200x and above  – Though still small, Uranus’ disc is much more obvious and it starts looking like a planet. Its moons are still too far and dim to see. Neptune starts showing a blue tiny disc if the air is steady.

Double Stars

It depends on the angular separation between the two companions. If they’re separated enough, they are resolved well at low power, but others will require a minimum amount of magnification to resolve the angular separation. While you could divide 300 by the A.S. to see where you can start resolving the two stars, you should divide 750/A.S. to have the best minimal magnification.

Name – 750/A.S.   = best minimal magnification 

Alberio – 35″ = 21x
61 Cygni – 25″ = 30x
“The Double Double” – 2″ = 375x
Castor – 6″ = 125x
Algieba – 4″ = 187.5x
Almac – 9.6 = 78.125x

Keep in mind that seeing conditions may make it difficult to resolve double stars tighter than 2″ in separation, plus you risk magnifying more than what the telescope can theoretically resolve when using smaller telescopes. If your telescope can resolve much more than the best minimal magnification, then have at it and see how high you can go!

Deep Sky Objects

Open Star Clusters – Some open clusters such as the Pleiades are visible with the naked eye, and through a telescope should only be viewed at LOW power to see the entire cluster. Others such as The Double Cluster (Caldwell 14), Ptolemy’s Cluster (M7), and Beehive Cluster (M44) are visible as fuzzy smudges to the naked eye, and through telescopes at low power reveal a large group of stars. Some of them form shapes after their namesakes, such as Caldwell 13 (the Owl Cluster) and M11 (Wild Duck Cluster).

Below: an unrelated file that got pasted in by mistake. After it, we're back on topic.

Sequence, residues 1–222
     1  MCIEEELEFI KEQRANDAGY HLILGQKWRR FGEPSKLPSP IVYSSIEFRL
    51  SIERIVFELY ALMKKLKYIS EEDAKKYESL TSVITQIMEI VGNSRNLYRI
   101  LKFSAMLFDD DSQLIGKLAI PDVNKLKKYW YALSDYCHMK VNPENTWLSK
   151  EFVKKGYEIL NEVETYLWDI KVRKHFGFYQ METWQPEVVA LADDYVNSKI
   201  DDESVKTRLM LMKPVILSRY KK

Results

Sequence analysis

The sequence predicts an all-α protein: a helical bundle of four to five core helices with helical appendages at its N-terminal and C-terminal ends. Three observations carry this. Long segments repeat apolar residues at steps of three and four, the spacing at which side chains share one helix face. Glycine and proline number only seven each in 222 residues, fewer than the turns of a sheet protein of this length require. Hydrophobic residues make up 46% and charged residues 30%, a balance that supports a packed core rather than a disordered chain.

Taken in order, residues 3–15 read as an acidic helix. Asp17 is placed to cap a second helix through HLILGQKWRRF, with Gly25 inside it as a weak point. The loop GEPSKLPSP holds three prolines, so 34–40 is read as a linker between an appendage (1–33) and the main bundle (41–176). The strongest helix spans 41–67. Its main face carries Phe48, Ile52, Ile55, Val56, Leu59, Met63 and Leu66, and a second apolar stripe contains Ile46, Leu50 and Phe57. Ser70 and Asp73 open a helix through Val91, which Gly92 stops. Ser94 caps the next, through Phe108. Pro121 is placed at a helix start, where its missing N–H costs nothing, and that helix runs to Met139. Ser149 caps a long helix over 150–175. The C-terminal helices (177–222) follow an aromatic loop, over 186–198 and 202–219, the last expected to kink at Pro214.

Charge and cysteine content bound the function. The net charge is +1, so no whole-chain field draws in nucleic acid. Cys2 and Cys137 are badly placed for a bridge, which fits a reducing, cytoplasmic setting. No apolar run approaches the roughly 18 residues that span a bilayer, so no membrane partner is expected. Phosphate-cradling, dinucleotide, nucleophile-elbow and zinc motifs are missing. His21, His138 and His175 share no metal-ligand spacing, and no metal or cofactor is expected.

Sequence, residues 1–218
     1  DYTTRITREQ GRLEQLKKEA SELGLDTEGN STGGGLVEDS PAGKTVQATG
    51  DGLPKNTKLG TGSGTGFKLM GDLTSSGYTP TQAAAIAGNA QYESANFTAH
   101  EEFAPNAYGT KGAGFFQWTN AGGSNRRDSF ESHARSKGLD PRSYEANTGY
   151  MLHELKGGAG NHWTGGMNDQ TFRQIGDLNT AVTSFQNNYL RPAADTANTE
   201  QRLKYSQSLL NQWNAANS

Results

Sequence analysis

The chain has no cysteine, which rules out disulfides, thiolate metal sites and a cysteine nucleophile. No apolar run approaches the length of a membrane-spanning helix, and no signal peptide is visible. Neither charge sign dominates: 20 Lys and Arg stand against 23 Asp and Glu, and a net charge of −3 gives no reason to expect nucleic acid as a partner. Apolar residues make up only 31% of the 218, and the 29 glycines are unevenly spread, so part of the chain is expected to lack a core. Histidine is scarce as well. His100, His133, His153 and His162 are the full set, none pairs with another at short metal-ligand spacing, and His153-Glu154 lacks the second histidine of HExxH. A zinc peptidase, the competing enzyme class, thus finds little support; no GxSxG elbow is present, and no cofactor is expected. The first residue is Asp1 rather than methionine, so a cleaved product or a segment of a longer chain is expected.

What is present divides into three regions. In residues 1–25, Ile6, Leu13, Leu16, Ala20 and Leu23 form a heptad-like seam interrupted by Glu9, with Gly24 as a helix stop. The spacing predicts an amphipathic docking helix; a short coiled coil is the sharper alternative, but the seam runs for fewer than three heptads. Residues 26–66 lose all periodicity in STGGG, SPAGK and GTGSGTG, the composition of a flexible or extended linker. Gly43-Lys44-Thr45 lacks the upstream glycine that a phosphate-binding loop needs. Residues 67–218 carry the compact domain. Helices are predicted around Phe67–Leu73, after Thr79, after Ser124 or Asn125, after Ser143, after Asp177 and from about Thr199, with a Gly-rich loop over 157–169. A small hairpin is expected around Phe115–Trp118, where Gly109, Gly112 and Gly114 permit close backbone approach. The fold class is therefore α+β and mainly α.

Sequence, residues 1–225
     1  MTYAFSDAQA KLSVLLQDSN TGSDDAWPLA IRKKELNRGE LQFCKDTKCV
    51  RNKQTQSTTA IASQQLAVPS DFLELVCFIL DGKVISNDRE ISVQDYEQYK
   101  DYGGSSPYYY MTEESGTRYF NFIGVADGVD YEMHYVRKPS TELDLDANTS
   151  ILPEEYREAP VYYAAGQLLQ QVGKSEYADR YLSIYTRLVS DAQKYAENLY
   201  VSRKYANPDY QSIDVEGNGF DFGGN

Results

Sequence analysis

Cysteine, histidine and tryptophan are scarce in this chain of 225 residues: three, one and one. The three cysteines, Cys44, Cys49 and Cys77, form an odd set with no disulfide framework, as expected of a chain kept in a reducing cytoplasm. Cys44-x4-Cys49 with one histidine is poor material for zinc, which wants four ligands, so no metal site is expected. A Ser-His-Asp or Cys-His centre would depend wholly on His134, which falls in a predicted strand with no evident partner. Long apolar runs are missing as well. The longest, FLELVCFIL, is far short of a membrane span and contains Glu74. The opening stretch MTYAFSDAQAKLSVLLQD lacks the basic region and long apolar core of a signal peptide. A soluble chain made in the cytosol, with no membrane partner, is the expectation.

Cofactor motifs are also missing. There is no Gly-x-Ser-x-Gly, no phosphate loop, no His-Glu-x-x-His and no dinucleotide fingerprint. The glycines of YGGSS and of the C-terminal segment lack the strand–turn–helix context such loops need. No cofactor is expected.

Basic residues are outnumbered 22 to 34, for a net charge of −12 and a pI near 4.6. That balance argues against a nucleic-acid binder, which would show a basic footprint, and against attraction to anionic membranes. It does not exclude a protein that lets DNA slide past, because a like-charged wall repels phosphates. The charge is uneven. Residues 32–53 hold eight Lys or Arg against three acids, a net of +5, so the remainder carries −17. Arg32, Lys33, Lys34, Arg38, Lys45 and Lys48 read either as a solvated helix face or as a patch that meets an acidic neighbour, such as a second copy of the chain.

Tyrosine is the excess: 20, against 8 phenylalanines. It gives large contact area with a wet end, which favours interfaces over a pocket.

At this point, it matters how much light your telescope collects, hence the phrase “the bigger the better!” While I have certainly observed the brightest nebulae, globular clusters, and galaxies with a small telescope, they do appear dim and don’t show much structure. The larger the aperture, the brighter these objects will be! 

Nebulae – Through telescopes, you can see some structure and glow from the gas clouds.  While some nebulae have hints of green and blue tints, they will appear mainly gray due to your own eyes not accumulating enough light in the dark to see color. Therefore, if you want to see obvious color, then you’ll need long exposure. Even with a telescope, some nebulae are invisible with your eyes, and can only be seen with enough exposure.

Globular Clusters – Through telescopes, globular clusters appear as dim gray “snowballs” in space. Since you need to gather as much light as possible, it’s best to view at a low power with a wide eyepiece. If your telescope has enough aperture, and the globular cluster is big and bright enough, then you can definitely resolve individual stars when using higher magnification – just don’t expect them to be as bright as their pictures! M13 and M22 are the two largest, and an 8″ telescope can resolve them pretty well under good viewing conditions.

Galaxies – Galaxies are notoriously disappointing through a telescope because of their dim appearance. Because you’ll mainly see their cores and not their spiral arms, do not expect to see any form of structure and detail unless you have a large enough telescope! M81 and M82 can be seen as two gray smudges  in the same view even with small telescopes. M51 you can definitely tell there’s two “core” structures interacting with each other. The spiral arms of M101 can be glimpsed with fairly large telescopes under dark clear skies. Even then, they won’t look exactly like the pictures, but you’ll at least get more light from them. Long exposure photography is the reason why we know what these objects actually look like.